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8 Ways to Cook Your Thanksgiving Turkey

8 Ways to Cook Your Thanksgiving Turkey

Posted on Nov 14, 2019, 6:30:00 AM GMT

Turkey. It’s what’s for Thanksgiving in 82% of American homes according to the fivethirtyeight website. We love this tasty bird and we have 8 tasty ways to cook one, paired with some of our favorite recipes from around the web. Check them out!

Roast turkey

When you want to cook your turkey the classic way, follow the advice of an American icon: Betty Crocker! Roasting a turkey is easy as pie. Make sure your bird is thoroughly thawed and follow Betty’s timetable for roasting poultry. Cook Mr. Tom until his skin is golden brown and your thermometer reads 165 degrees. See Betty’s advice on roasting turkeys.

Brined turkey

Brining your turkey is a simple way to help make your bird more juicy, tender, and flavorful. Brining gives your turkey a good cold salt water bath before you cook it. You can make your brine as fancy as you want, but we like Alton Brown’s classic brining recipe.

Smoked turkey

We like roast turkey. But we love smoked turkey. Get out your wood chips, get out your grill, and get out of the kitchen to put a twist on the traditional Thanksgiving bird. Bobby Flay’s smoked turkey recipe courtesy of the Food Network is a great place to start. But don’t stop there! You can make your smoked turkey barbeque style, Cajun style, Tex-Mex style, and more.

Beer-can turkey

Smoking isn’t the only way to grill a turkey. Beer-can turkey involves placing your bird upright on the grill with an open can of beer in the cavity to keep the meat tender and juicy. Rachel Ray likes this beer-can turkey recipe featuring a butter, herb, and lemon zest rub for the skin.

Deep-fried turkey

Deep frying your bird can make the skin super-crispy and the meat super-juicy. This method of turkey cooking is not for the faint of heart however. Set up your fryer outside, away from houses and cars. Keep children and pets away from the deep fryer. Follow all the instructions on your fryer and don’t leave your set-up unattended.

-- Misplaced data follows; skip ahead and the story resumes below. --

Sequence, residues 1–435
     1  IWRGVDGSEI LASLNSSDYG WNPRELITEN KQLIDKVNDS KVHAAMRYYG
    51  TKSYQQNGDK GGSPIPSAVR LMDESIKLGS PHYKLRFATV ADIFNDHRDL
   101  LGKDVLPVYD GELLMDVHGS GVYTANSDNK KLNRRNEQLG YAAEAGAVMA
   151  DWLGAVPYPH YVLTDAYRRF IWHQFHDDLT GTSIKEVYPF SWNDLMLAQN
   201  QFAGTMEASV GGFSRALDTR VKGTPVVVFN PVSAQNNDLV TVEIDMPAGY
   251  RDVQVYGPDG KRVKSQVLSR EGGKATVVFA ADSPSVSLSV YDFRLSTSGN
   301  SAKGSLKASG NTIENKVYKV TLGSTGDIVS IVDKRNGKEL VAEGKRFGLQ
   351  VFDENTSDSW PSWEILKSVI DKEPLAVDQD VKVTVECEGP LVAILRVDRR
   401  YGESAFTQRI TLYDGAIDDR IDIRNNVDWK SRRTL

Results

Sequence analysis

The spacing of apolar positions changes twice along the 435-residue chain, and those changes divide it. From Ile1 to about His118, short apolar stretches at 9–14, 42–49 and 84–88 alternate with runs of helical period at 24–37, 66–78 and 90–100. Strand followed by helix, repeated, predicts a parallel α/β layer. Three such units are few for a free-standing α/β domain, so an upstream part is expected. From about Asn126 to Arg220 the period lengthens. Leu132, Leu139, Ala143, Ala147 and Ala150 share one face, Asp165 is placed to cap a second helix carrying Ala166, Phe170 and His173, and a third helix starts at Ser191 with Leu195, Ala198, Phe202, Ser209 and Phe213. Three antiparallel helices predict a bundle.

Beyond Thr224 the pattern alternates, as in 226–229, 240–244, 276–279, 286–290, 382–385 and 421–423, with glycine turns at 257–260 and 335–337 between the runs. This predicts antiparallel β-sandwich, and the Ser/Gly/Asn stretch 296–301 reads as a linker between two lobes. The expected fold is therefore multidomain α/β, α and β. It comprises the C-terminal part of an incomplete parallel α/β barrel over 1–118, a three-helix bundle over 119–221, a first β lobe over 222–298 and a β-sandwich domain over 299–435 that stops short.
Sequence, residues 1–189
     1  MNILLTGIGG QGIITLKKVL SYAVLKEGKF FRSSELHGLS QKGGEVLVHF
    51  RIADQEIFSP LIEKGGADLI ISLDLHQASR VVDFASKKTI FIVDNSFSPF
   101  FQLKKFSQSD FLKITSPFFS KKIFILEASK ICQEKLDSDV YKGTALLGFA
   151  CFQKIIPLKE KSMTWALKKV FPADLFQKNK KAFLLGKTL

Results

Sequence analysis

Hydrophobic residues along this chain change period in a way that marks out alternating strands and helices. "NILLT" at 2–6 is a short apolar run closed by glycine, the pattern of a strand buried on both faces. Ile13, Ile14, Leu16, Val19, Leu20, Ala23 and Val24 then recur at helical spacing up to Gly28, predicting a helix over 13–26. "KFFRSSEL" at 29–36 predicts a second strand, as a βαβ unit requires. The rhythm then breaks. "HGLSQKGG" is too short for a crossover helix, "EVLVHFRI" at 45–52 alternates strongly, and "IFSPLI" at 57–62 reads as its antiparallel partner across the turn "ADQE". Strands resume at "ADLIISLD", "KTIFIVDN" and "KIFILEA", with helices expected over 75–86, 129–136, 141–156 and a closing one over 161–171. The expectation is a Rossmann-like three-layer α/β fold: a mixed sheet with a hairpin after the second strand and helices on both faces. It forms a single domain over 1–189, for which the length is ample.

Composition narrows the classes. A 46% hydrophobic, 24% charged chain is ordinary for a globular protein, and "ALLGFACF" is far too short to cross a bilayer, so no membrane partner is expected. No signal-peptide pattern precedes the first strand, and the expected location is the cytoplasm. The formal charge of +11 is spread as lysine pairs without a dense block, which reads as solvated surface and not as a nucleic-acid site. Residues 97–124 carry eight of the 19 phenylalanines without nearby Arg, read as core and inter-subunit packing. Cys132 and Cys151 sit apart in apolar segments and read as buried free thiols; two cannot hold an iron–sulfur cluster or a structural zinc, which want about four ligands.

Spatchcocked turkey

When you spatchcock a turkey, you cut out the backbone and lay the bird out flat. (You can get your butcher to do it for you too.) Spatchcocking a turkey helps it cook faster and more evenly. Mark Bittman has a recipe for cooking a ten pound turkey in 45 minutes. Bittman likes his turkey with garlic, tarragon, thyme, and olive oil but any recipe you like will work with this cooking method.


Not everyone eats meat. That’s why there’s Tofurky – the stuffed tofu roast for your veggie and Vegan friends and relatives. The “I Love Vegan” website has a Tofurky recipe featuring sweet potatoes, soy sauce, olive oil, thyme, oregano, and rosemary that’s easy and tasty. Check it out!


When turkey is just not enough, there’s the turducken! Which is a chicken stuffed inside a duck stuffed inside a turkey. All three birds are deboned so you get nothing but meaty goodness all the way through. The turducken takes work if you make it yourself or you can pre-order one from your local butcher. This is a dish that will definitely make an impression around your Thanksgiving table! Check out the delicious Food Network turducken recipe.

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